It is really interesting reading this book at an older age, to take note of the many tropes and motifs which are now so synonymous with piracy. The love of rum, buried treasure, ‘X marks the spot’, mutineers, being marooned, walking the plank; they are all still so prevalent in our associations with pirates today. You only have to look at the Pirates of the Caribbean franchise to see the similarities. Long John Silver himself has become a fictional figure which has grown in almost myth like proportions, with many people believing him to be a figure of history along the same lines of Blackbeard. His is a creation which has lived on and on, along with his famous talking parrot and wooden leg, which goes to show the strength of the character Stevenson had created.
I strongly believe that the Long John Silver which Stevenson first created has much more substance to him than many would believe. His is a complex character, and having re read the book, I can almost see him as a precursor of sorts to the split personalities which we now associate with the idea of a Jekyll and Hyde figure. One the one hand, Silver is ruthless, a man capable of killing and going against the law to get his way. Yet, he is also portrayed as extremely astute, courageous and clever man, able even to manage money, unlike the other pirates. Of course, there is also the more obvious fact that the Silver we are first presented with comes across as almost a fatherly mentor, when in reality we discover he is the man behind the mutiny. Like within Jekyll, Stevenson explores the duality of man, showing a thematic interest which he will return to.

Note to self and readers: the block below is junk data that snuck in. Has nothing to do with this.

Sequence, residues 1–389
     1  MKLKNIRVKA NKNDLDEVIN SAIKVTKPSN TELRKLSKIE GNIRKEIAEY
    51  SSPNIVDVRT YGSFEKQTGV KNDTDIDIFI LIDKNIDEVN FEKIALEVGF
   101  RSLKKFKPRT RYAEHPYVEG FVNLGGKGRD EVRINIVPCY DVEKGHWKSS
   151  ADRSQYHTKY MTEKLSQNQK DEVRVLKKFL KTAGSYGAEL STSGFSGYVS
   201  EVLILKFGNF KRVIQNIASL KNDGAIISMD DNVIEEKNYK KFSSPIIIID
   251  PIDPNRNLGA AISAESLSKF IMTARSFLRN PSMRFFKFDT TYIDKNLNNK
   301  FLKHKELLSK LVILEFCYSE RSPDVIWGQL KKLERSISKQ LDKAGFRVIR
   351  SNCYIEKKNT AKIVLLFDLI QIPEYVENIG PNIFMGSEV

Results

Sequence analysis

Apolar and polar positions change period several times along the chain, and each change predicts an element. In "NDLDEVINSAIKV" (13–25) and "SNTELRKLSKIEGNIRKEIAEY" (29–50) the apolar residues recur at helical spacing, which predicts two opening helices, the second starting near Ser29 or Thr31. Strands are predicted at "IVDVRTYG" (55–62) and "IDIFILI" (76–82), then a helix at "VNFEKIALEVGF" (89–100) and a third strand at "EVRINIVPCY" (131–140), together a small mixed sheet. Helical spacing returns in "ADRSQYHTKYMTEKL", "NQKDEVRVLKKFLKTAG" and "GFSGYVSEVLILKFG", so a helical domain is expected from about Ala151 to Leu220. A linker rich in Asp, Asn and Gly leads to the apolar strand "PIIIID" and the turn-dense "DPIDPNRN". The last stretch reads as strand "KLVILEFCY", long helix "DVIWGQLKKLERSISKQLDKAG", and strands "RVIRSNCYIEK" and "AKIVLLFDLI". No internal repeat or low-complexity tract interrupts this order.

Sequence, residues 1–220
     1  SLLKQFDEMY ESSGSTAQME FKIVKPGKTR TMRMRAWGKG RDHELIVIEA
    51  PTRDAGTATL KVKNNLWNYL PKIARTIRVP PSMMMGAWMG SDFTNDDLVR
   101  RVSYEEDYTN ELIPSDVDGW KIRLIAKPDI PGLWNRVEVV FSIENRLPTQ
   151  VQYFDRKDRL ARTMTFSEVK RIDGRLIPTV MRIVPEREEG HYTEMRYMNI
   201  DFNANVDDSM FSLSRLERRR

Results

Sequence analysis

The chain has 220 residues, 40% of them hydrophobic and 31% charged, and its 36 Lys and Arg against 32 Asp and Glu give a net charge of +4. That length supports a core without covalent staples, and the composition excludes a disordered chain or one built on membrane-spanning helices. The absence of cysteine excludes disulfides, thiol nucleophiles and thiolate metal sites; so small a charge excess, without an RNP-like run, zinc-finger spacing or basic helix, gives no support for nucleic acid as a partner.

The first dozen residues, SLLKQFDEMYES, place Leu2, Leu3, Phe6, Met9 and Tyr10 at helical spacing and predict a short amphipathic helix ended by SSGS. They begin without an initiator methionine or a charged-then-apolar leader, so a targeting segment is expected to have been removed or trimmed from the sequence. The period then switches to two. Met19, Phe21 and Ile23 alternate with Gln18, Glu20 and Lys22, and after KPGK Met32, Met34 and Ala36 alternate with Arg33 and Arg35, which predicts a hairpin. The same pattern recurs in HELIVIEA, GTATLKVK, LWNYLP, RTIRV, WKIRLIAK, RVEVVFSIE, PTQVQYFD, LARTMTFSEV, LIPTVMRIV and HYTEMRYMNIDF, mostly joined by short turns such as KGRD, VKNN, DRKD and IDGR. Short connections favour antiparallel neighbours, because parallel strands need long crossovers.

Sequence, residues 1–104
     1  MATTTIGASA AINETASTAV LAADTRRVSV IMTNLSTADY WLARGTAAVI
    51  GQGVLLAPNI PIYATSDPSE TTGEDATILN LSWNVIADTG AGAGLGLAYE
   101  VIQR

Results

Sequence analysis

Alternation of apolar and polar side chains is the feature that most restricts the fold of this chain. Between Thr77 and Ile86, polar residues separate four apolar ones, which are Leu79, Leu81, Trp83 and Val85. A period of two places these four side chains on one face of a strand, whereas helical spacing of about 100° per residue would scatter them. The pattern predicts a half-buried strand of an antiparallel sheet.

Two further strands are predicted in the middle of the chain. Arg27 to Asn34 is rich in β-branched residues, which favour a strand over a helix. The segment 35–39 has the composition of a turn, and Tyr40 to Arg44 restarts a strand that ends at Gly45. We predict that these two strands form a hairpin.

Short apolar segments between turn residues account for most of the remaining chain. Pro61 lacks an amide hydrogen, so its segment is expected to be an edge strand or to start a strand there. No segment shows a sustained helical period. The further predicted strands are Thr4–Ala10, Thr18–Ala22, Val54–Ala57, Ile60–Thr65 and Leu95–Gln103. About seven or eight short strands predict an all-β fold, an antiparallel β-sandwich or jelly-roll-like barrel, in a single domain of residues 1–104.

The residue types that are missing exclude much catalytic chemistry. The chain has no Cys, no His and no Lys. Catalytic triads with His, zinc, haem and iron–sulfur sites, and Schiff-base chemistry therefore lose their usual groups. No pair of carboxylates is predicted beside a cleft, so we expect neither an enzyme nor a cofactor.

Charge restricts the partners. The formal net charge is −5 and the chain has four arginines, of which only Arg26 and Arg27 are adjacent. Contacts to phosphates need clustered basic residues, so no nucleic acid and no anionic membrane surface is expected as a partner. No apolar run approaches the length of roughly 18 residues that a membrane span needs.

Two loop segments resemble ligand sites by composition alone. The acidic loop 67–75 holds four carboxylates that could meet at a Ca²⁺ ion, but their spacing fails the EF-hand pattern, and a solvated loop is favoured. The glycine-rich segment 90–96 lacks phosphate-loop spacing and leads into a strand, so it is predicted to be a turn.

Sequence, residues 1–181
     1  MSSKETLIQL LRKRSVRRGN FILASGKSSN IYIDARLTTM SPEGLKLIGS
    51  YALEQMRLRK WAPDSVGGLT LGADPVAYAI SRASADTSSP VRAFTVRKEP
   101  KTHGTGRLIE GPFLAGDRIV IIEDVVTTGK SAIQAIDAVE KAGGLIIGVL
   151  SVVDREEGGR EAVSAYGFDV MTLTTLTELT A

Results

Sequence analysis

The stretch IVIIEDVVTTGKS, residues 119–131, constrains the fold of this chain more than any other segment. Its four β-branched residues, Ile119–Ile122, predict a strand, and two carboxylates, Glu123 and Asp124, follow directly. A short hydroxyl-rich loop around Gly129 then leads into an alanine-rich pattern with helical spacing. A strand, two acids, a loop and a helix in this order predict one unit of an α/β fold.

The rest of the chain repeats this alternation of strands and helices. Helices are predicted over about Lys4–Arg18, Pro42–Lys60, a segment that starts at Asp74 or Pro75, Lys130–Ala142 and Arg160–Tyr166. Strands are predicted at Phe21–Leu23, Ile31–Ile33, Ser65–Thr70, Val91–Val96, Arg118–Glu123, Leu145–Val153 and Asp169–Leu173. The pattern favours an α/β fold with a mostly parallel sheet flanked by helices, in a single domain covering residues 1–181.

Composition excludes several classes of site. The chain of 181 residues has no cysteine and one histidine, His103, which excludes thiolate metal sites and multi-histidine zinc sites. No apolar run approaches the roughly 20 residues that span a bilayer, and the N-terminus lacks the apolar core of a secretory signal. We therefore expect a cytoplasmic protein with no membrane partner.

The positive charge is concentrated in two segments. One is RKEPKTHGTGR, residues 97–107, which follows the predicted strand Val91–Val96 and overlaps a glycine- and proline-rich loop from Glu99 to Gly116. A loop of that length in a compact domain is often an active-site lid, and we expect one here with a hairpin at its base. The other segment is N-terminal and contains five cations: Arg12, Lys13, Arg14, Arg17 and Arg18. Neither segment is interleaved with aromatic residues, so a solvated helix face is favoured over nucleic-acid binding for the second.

The only things which I did not wholly enjoy within this book were the use of nautical and sailing terms when the characters are at sea. I have only a rudimentary understanding of such things, and so the nautical phrasing was sometimes a bit wearying. The book is not oversaturated by this, and these occasions are thankfully less when compared with the main bulk of the book, so they did not distract too much from my enjoyment. They are also a testament to the skill which Stevenson probably put into getting his work to be as authentic as he could.
For a novel which is only just over 200 pages, it really does excel at what is within it, most notably the iconic characters and plot. I would recommend this book as a quick read for anyone looking to get into Classic literature, as well as anyone who quite simply enjoys the themes surrounding piracy.
Has anyone else read both this and Jekyll? What did you think?
Publisher: Penguin English Library